The WASCAL Research Action Plan (WRAP 2.0) is the current working agenda of the Competence Centre and is geared toward making the centre a full-service provision centre by delivering key demand-driven climate and environmental services to be taken up by policymakers and other stakeholders, including smallholders. Specifically, WRAP 2.0 seeks to (i) formulate and carry out demand-driven research for development-oriented outcomes as prioritized by WASCAL member states, and to establish WASCAL as a front-line West African climate service centre; (ii) generate sound, evidence-based knowledge and information, and devise tools, including software to support decision-making; and (iii) provide policy information and support for developing climate and environmental risk management, building resilient socio-ecological landscapes, and attaining sustainable agricultural production and food security.
WRAP 2.0 is based on five (5) interrelated Priority Research Themes (PRTs) that of regional relevance in West Africa: land use and land degradation (PRT 1), risk and vulnerability to climate extremes (PRT 2), rural-urban and cross-border migration (PRT 3), sustainable agriculture and climate smart landscapes (PRT 4), and renewable energy (PRT 5). This interrelationship is founded on the WASCAL Multidisciplinary Observation Networks and multi-stakeholder innovation platforms across West Africa. These PRTs, besides supporting ECOWAS’ priority programmes in environment and agriculture, will deploy necessary actions that contribute to achieving the United Nations Sustainable Development Goals, especially SDG 1 (End poverty), SDG 2 (End hunger), SDG 13 (Climate action), SDG 15 (Life on land).
Land Use and Cover / Land Degradation / Climate Change Nexus (PRT 1)
About PRT 1
The objective of this priority research theme is to generate an updated and higher resolution West African time variant Land Use Land Cover (LULC) database (land units, plant functional types) along with their thermal and physical parameters to improve the representation of surface conditions in climate models and ultimately contribute to the development of a tailored dynamical vegetation model for the West African region.
The overall deliverables of this PRT1 include:
- Present day land use/land cover/land degradation data at high resolution;
- Updated climate change projections for the region ;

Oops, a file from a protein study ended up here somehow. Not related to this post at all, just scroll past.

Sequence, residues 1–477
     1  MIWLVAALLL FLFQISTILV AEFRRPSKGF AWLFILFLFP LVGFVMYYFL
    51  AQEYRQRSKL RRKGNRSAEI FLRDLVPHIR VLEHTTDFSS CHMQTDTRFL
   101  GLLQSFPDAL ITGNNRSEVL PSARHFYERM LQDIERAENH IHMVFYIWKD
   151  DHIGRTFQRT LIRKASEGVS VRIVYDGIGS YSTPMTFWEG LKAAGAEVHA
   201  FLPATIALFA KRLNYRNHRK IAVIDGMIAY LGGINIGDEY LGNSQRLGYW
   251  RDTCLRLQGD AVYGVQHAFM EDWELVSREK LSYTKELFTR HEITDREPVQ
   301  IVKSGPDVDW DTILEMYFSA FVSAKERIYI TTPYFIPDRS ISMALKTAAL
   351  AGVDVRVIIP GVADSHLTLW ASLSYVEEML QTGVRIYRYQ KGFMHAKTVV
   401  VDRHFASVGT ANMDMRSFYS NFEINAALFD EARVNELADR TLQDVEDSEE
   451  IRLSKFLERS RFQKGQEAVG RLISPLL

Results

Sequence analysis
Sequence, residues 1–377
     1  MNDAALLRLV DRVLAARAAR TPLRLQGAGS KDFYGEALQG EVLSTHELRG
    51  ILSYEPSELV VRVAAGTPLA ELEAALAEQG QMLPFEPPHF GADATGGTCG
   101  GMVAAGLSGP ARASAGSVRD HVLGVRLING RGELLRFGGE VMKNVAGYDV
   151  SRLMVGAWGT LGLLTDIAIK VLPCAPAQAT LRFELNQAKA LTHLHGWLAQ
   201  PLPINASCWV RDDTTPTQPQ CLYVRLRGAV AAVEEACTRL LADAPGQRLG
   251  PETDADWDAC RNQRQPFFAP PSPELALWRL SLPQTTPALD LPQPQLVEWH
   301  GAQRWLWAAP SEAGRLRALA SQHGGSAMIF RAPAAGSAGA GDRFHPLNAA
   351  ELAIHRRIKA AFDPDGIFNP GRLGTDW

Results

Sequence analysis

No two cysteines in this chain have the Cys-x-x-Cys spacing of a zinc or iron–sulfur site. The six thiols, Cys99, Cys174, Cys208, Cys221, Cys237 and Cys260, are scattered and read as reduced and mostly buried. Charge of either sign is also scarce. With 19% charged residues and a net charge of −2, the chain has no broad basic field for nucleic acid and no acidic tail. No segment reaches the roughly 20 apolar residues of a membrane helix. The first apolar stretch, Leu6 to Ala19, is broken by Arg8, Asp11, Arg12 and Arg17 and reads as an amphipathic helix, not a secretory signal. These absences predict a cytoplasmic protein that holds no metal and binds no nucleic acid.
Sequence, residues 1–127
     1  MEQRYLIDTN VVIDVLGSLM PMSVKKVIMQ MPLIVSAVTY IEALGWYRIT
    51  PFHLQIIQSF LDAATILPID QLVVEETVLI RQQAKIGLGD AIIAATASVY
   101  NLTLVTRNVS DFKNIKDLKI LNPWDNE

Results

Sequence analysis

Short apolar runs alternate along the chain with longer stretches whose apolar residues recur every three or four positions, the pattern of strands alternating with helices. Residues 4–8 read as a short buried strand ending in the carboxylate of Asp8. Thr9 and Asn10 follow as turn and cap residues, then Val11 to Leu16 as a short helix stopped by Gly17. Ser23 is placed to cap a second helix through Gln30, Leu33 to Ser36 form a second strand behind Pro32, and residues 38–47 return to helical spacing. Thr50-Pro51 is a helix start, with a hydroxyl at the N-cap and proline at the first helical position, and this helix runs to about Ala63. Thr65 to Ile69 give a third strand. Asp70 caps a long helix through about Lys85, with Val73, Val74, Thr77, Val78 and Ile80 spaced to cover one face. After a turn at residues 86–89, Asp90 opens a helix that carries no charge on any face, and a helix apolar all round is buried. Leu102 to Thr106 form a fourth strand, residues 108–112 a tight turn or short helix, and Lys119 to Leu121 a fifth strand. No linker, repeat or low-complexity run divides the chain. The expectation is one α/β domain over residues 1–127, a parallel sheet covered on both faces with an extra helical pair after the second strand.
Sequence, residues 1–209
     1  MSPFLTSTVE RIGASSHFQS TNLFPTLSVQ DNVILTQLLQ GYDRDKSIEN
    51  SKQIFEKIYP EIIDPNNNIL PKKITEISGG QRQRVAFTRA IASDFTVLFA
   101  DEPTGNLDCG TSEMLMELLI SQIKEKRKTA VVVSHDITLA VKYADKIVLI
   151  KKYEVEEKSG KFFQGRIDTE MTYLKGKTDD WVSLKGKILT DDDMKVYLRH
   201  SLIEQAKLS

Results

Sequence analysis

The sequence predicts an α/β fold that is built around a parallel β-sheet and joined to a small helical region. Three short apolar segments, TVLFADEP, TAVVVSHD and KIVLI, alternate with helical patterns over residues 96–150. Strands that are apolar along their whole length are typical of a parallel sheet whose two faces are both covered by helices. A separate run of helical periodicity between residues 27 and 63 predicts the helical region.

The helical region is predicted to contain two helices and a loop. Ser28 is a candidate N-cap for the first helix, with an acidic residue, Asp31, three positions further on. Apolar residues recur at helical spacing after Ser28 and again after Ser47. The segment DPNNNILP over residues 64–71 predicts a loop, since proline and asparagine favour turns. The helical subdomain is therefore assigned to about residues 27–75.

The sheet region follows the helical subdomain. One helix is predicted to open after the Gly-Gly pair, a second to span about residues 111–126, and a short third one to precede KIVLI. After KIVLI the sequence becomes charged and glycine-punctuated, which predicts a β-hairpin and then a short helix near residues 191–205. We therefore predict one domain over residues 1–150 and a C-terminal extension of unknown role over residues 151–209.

- Coupled dynamical vegetation – climate model for West Africa ;
- Regional temperature and precipitation changes from new system 2030-2050 from Coupled Model Intercomparaison Project Phase 6 Regional Climate Projection (CMIP6 RCP) ;
- Assessment of changes in extremes (floods, dust events, heat waves) in 2030-2050.
Under this PRT, two research projects, which acronyms are CONCERT and LANDSURF, are being implemented in the framework of WASCAL Research and Actions Plan 2 (WRAP 2.0). These projects are conceived in line with the objectives and the expected deliverables of the PRT as stated above. More details on these two projects are given below.
The CONCERT (Greenhouse gas emissions and mitigation options under climate and land use change in West Africa: A concerted regional modeling and observation assessment) project is being led by Professor Dr. Harald Kunstmann and Dr. Sina Berger from the Institute of Geography (IG) of the University of Augsburg (UoA) in Germany with support from the following experts.
- Dr. Ursula Gessner and Dr. Sarah Asam – German Aerospace Centre (DLR), Germany.
- Prof. Dr. Harry Vereecken and Dr. Roland Baatz – Institute of Bio- and Geosciences- Agrosphere, Germany.
- Dr. Gerald Forkuor – United Nations University, Institute for Natural Resources in Africa (UNU-INRA), Accra, Ghana.
- Prof. Leonard K. Amekudzi and Dr. Emmanuel Quansah– Kwame Nkrumah University of Science and Technology (KNUST), Kumasi, Ghana.
- Prof. Dr. Babatunde Rabiu and Dr. Christiana F. Olusegun – Centre for Atmospheric Research, National Space and Development Agency (CARNASRDA), Abuja, Nigeria
- Prof. Dr. Sanoussi Atta and Dr. Moussa Waongo– AGRHYMET Regional Centre, Niger.
Sub-Saharan Africa is currently experiencing rapid population growth, associated with a significant agricultural intensification. This causes, inter alia, environmental degradation, increasing greenhouse gas (GHG) emissions, soil erosion and biodiversity loss. Climate change (CC) exacerbates the vulnerability of the people by increasing temperatures, shifting precipitation regimes (rainy season onset and cessation changes), and altering drought and heavy precipitation risks. Accordingly, sustainable agriculture and food production under climate and land use (LU) change is a crucial factor in improving people’s livelihoods and maintaining peace in the region. Sustainable agriculture must not only be resilient to CC, but also needs to mitigate GHG emissions and increase carbon (C) sequestration in already degraded soils.